The Movie Waffler New Release Review - Mama | The Movie Waffler

New Release Review - Mama

Directed by: Andrés Muschietti
Starring: Jessica Chastain, Nikolaj Coster-Waldau, Megan Charpentier, Isabelle Nélisse, Daniel Kash

Two young girls survive five years in an isolated cabin protected by a malevolent spirit who follows them when they move in with their uncle and his girlfriend.

In 2008, as a result of the financial crisis, a businessman murders his colleagues and his wife before fleeing with his two young daughters. After crashing his car, he takes the girls to an isolated cabin. As he is about to kill them, a strange being interjects, saving the girls. Five years later, the girls, now feral, are discovered and placed in the care of their uncle Lucas (Coster-Waldau) and his girlfriend Annabel (Chastain). The children speak of a spirit they call 'Mama', but this is passed off as an imaginary friend. Wanting to claim the girls for herself, Mama attacks Lucas, resulting in his hospitalization. Annabel is reluctantly left in charge of the girls and soon finds herself victimized by the jealous spirit.
'Mama' is a feature length adaptation of director Muschietti's 2008 short film of the same name. The original ran a mere three minutes and consists essentially of one scene, filmed in one single shot. This scene, involving the girls stalked through the house by the title character, turns up here as but one set-piece of the film. Here, the mysterious Mama figure is given a back-story, and that's the film's biggest problem. Much of the film is an above average ghost story but things fall apart in the third act when the hand of producer Guillermo Del Toro seems to take over. The story shifts from straight horror to the sort of fantasy we've come to associate with the Mexican. It's a jarring shift in tone which ruins the effective work done up to that point.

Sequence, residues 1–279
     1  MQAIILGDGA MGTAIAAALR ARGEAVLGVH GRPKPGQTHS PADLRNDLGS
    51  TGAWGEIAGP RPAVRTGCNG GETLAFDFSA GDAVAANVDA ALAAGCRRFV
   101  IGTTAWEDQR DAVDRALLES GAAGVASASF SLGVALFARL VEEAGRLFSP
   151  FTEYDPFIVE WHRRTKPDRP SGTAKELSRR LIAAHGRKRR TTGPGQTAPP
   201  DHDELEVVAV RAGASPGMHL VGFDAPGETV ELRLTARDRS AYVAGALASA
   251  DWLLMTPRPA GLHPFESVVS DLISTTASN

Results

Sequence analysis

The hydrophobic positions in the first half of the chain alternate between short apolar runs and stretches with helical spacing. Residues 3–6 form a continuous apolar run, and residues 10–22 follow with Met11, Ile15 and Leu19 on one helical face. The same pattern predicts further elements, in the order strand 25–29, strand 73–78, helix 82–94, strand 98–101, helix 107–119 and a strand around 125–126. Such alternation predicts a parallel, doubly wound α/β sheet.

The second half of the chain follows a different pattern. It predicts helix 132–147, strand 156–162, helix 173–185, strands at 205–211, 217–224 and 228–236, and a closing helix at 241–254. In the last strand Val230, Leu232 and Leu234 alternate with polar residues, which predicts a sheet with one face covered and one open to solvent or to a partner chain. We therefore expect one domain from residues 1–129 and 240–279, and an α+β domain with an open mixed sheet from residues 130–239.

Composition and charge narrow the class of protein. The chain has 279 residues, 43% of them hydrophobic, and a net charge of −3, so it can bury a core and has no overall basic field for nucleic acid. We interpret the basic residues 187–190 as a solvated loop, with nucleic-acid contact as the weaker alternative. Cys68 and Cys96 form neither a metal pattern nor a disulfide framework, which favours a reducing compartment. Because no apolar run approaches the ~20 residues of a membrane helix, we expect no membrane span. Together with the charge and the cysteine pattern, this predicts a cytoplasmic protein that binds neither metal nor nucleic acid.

You wouldn't readily associate Chastain with such genre fare but she's as impressive here as you'd expect, giving life to a character who would otherwise just be another "final girl" archetype. Kudos must also be given to the two child actors, Charpentier and Nelisse, but the real star of 'Mama' is director Muschietti. He builds up the suspense brilliantly and is clearly a student of Hitchcock. There are nods to several of Hitch's films, the most effective being a brilliant homage to the safe robbing scene from 'Marnie'. Here, he positions his camera so we are looking both into the girl's bedroom and down the hallway, creating a fantastic moment of suspense as we see something occur in the bedroom which the character in the hallway is unaware of. Muschietti does a commendable job, telling the story in a simple but effective manner and I look forward to him working with better material in the future.
 Mama (2013) on IMDb 6.5/10